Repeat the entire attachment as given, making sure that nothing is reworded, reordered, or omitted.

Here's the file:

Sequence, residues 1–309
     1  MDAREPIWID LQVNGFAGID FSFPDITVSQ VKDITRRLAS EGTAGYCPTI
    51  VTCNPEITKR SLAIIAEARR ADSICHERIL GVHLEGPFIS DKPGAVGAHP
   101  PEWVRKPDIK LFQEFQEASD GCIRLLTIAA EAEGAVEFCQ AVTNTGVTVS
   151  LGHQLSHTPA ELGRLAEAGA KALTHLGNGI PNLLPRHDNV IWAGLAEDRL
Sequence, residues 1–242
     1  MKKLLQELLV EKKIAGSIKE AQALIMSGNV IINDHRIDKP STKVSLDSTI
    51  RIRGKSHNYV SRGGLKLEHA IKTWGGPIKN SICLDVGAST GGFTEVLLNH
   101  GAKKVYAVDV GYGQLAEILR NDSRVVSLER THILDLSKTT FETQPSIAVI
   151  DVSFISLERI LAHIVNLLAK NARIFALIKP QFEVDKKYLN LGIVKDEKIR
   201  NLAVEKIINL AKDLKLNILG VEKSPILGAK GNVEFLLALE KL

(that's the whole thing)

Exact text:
Sequence, residues 1–309
     1  MDAREPIWID LQVNGFAGID FSFPDITVSQ VKDITRRLAS EGTAGYCPTI
    51  VTCNPEITKR SLAIIAEARR ADSICHERIL GVHLEGPFIS DKPGAVGAHP
   101  PEWVRKPDIK LFQEFQEASD GCIRLLTIAA EAEGAVEFCQ AVTNTGVTVS
   151  LGHQLSHTPA ELGRLAEAGA KALTHLGNGI PNLLPRHDNV IWAGLAEDRL
Sequence, residues 1–242
     1  MKKLLQELLV EKKIAGSIKE AQALIMSGNV IINDHRIDKP STKVSLDSTI
    51  RIRGKSHNYV SRGGLKLEHA IKTWGGPIKN SICLDVGAST GGFTEVLLNH
   101  GAKKVYAVDV GYGQLAEILR NDSRVVSLER THILDLSKTT FETQPSIAVI
   151  DVSFISLERI LAHIVNLLAK NARIFALIKP QFEVDKKYLN LGIVKDEKIR
   201  NLAVEKIINL AKDLKLNILG VEKSPILGAK GNVEFLLALE KL